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. 2020 Jan 2;11(1):58.
doi: 10.1038/s41467-019-13653-w.

Conjunction of Triboelectric Nanogenerator With Induction Coils as Wireless Power Sources and Self-Powered Wireless Sensors

Free PMC article

Conjunction of Triboelectric Nanogenerator With Induction Coils as Wireless Power Sources and Self-Powered Wireless Sensors

Chi Zhang et al. Nat Commun. .
Free PMC article


Here we demonstrate a magnetic resonance coupling based wireless triboelectric nanogenerator (TENG) and fully self-powered wireless sensors. By integrating a microswitch and an inductor with the TENG, the pulsed voltage output is converted into a sinusoidal voltage signal with a fixed frequency. This can be transmitted wirelessly from the transmit coil to the resonant-coupled receiver coil with an efficiency of 73% for a 5 cm distance between the two coils (10 cm diameter). Analytic models of the oscillating and coupled voltage signals for the wireless energy transfer are developed, showing excellent agreement with the experimental results. A TENG of 40 × 50 mm2 can wirelessly light up 70 LEDs or charge up a 15 μF capacitor to 12.5 V in ~90 s. The system is further utilized for two types of fully self-powered wireless chipless sensors with no microelectronic components. The technologies demonstrate an innovative strategy for a wireless 'green' power source and sensing.

Conflict of interest statement

The authors declare no competing interests.


Fig. 1
Fig. 1. Magnetic resonance coupled wireless TENG.
a The schematic and b the equivalent circuit of the magnetic resonance-coupled wireless energy transmission system. c The typical voltage output of the contact-separation mode PA6/PDMS TENG with the microswitch under cyclic pressing. d The oscillating voltage signals and e their fast Fourier transformation spectra of the emitter and receiver modules of the MR-WTENG system. The working condition of the TENG for c, d, e is 50 N contact force, 4 Hz contact frequency, and 6 mm spacer distance between the two triboplates, and the transmission distance between the two coils is 5 cm.
Fig. 2
Fig. 2. Influence of capacitance C2 on energy transmission.
a The transmitted and b the received voltage waveforms with the system working at the resonant-coupled state. c The transmitted and d the received voltage waveforms with the system working at a nonresonant-coupled state. e The transferred energy value and f the energy transmission efficiency of the MR-WTENG system as a function of C2. All of the experiments and theoretical analyses were conducted using the conditions shown in Table 1 with C2 as a variable.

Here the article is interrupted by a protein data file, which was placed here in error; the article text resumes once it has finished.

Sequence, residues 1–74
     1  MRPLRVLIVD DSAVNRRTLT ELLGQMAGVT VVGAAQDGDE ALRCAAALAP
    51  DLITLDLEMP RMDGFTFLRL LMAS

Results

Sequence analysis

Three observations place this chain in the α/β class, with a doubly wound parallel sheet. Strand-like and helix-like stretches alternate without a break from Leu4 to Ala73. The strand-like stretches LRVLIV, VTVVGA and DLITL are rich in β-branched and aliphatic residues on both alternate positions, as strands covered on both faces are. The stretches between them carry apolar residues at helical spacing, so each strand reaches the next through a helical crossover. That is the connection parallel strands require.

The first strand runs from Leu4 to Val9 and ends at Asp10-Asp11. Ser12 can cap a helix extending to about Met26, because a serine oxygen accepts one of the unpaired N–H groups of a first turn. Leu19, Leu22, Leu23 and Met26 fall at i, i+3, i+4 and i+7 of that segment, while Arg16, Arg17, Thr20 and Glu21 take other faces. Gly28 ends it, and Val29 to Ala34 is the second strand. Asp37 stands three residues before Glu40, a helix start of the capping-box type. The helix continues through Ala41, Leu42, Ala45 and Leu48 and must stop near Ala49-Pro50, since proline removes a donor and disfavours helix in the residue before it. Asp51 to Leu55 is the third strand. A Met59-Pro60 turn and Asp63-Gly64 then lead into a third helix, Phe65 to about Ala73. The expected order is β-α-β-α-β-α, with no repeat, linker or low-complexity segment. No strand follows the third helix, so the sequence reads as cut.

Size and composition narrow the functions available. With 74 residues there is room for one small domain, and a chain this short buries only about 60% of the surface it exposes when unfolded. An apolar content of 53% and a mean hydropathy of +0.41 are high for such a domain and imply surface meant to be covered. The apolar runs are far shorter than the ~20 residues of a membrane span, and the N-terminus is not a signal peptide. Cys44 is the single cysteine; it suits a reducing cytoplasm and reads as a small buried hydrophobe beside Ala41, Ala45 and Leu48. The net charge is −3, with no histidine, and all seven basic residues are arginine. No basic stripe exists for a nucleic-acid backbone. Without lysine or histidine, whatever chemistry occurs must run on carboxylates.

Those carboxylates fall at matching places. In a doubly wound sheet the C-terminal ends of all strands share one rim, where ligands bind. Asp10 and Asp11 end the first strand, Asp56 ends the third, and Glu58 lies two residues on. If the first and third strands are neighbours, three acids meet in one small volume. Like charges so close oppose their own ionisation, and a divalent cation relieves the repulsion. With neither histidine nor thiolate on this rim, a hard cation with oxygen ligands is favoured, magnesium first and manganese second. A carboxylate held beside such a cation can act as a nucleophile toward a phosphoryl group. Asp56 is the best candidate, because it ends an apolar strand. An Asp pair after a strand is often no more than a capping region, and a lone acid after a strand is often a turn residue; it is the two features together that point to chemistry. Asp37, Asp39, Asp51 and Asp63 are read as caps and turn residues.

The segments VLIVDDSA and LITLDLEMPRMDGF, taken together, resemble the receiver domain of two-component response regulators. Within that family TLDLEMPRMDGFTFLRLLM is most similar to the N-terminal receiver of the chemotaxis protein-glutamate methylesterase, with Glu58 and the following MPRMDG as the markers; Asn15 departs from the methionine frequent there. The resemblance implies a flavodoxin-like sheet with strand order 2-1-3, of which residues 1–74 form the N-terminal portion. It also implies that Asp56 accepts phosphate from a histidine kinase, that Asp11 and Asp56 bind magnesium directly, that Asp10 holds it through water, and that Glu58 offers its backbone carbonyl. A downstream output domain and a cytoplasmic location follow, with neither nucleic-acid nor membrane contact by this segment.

Fig. 3
Fig. 3. Effects of load, coil distance, and coil diameter on energy transmission.
a, b, c are the received voltage waveforms at different distances between the two coils and different load resistances. d The theoretical calculated energy transmission efficiency of different transmission distances, as a function of load resistance. e The theoretical and experimental energy transmission efficiency (with the distance between the two coils set at 5 cm), as a function of load resistance. f The optimal load resistance and g the energy transmission efficiency of the MR-WTENG system, as a function of distance between the two coils. Here, the diameters of the coils are 10 cm, with an inductance of 62.5 μH. h The photo of the coils with a diameter of 60 cm for the MR-WTENG system. i The comparison of the transmission efficiency under various distances between the coils with different coil diameters of 10 cm and 60 cm, respectively.
Fig. 4
Fig. 4. Applications of wireless power transfer.
a Experimental setup for the wireless TENG and wireless power transfer. b A photo of the resonant-coupled transmitter and receiver coils. c A photo of the wirelessly lit up 70 40 mW-rated LEDs with high brightness. d The voltages of the storage capacitors as a function of charging time with the coil distance of 5 cm and 10 cm, respectively at the resonant-coupled and nonresonant-coupled states. The storage capacitor value is 15 µF for both the charging cases. e A photo of a shoe integrated with the MR-WTENG for harvesting walking energy. f The photo of a digital watch that could be wirelessly powered.
Fig. 5
Fig. 5. Wireless signal transmission for sensing application with TENG as the sensor.
a System schematic of the wireless force sensor based on TENG. b, c are the received voltage signals with a coil distance of 0.35 m and 2 m, respectively. d The summary of the peak-to-peak voltage of the received signals as a function of coil distance. e The FFT spectrum of the received voltage signal under various contact forces. f The received peak-to-peak voltage and resonant frequency as a function of contact force with a 2 m coil distance. The inner and outer diameters of the coils are 21.5 cm and 27 cm, respectively.
Fig. 6
Fig. 6. MR-WTENG-based wireless chipless sensor.
a The configuration of the wireless chipless sensor system with the sensor integrated in the resonant circuit. b, c are the structure and photo of the electrospun PVDF nanofiber membrane-based capacitive-type force sensor. d The photo of the wireless sensing system. e The capacitance variation with different pressures applied to the sensor. f The FFT spectra received by the remote receiver at 2 m as a function of pressure applied on the sensor. The diameter of the two coils is 21.5/27 cm for this experiment, C2 = 82 pF and RL = 3.3 kΩ.

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